- arlington heights,
- arlington national cemetery,
- arliss, george,
- arm and a leg,
- arm candy,
- arm in arm,
- to solicit or borrow money from: She put the arm on me for a generous contribution.
- to use force or violence on; use strong-arm tactics on: If they don't cooperate, put the arm on them.
Origin of arm1
verb (used without object)
verb (used with object)
Origin of arm2
Origin of Ar.M.
Examples from the Web for arm
At St. Barnabas Hospital, Pellerano was listed in stable condition with wounds to his chest and arm.
The big slug happened to hit the suspect in the street, passing through his arm and then striking Police Officer Andrew Dossi.
Dossi initially was listed in critical condition with wounds to his arm and lower back.
She is wearing a crop top, and Andrew has his arm wrapped around her waist.Buckingham Palace Disputes Sex Allegations Against Prince ‘Randy Andy’|Tom Sykes|January 4, 2015|DAILY BEAST
Women want a hot, young thing to parade around on their arm, too.Career-Minded Women Turn to Male Escorts For No-Strings Fun and (Maybe) Sex|Aurora Snow|January 3, 2015|DAILY BEAST
As she turned away on his arm, her eyes swung round to Davey.The Pioneers|Katharine Susannah Prichard
He had raised his weapon as the door flew open, but now his arm fell.Lord Jim|Joseph Conrad
He took the place of Jean Valjean, who, on account of his arm being still in a sling, could not give his hand to the bride.Les Misrables|Victor Hugo
I do not remember much else about it; indeed, the pain in my arm was so sharp that I had no eyes for physical features.Ayesha|H. Rider Haggard
Taking his arm he drew him into a quiet place and told him all that had happened since they had last met.The Crimson Fairy Book|Various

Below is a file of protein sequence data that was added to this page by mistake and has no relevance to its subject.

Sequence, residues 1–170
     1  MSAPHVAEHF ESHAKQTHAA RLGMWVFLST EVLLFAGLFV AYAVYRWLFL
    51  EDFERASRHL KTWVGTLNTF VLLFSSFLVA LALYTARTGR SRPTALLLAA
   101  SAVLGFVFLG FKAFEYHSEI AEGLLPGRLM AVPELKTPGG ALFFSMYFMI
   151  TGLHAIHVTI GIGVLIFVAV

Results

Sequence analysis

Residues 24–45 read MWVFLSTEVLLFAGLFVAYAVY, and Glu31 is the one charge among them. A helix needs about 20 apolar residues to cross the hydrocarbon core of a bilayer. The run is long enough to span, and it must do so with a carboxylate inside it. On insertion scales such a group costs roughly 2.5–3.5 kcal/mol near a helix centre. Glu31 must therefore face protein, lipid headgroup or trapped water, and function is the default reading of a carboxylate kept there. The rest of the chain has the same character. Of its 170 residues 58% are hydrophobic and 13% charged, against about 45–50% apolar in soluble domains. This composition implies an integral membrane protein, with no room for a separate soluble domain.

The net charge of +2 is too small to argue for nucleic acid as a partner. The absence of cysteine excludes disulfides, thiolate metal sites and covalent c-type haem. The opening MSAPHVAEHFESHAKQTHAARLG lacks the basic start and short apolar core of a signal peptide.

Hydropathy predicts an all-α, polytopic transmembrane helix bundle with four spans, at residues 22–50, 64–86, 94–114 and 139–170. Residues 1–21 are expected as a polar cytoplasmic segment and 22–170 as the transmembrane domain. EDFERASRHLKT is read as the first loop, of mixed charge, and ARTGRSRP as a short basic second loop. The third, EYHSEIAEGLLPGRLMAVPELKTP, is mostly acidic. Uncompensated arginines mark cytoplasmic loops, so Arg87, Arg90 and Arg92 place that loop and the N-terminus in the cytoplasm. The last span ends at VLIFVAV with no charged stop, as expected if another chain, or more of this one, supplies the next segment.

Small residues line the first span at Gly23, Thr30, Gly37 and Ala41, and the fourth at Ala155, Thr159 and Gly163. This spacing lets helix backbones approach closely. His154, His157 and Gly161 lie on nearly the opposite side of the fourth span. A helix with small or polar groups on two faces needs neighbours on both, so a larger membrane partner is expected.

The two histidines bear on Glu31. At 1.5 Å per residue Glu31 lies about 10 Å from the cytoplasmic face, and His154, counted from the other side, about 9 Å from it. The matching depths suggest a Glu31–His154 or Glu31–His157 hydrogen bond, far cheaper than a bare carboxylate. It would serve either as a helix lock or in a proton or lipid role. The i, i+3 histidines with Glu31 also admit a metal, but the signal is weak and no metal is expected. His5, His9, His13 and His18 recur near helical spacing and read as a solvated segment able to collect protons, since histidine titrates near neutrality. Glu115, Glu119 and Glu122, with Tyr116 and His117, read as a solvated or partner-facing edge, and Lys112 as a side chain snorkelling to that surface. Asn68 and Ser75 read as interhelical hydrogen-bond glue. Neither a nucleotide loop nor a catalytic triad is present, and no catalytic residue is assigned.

- the corresponding limb of any other vertebrate
- an armlike appendage of some invertebrates
Word Origin for arm
- to activate (a fuse) so that it will explode at the required time
- to prepare (an explosive device) for use by introducing a fuse or detonator
Word Origin for arm
"upper limb," Old English earm "arm," from Proto-Germanic *armaz (cf. Old Saxon, Danish, Swedish, Middle Dutch, German arm, Old Norse armr, Old Frisian erm), from PIE root *ar- "fit, join" (cf. Sanskrit irmah "arm," Armenian armukn "elbow," Old Prussian irmo "arm," Greek arthron "a joint," Latin armus "shoulder"). Arm of the sea was in Old English. Arm-twister "powerful persuader" is from 1938. Arm-wrestling is from 1899.
They wenten arme in arme yfere Into the gardyn [Chaucer]
"weapon," c.1300, armes (plural) "weapons of a warrior," from Old French armes (plural), "arms, war, warfare," mid-13c., from Latin arma "weapons" (including armor), literally "tools, implements (of war)," from PIE root *ar- "fit, join" (see arm (n.1)). The notion seems to be "that which is fitted together." Meaning "heraldic insignia" (in coat of arms, etc.) is early 14c.; originally they were borne on shields of fully armed knights or barons.
In addition to the idioms beginning with arm
- arm and a leg
- armed to the teeth
- arm in arm
- at arm's length
- babe in arms
- forewarned is forearmed
- give one's eyeteeth (right arm)
- long arm of the law
- one-armed bandit
- put the arm on
- shot in the arm
- take up arms
- talk someone's arm off
- twist someone's arm
- up in arms
- with one arm tied behind
- with open arms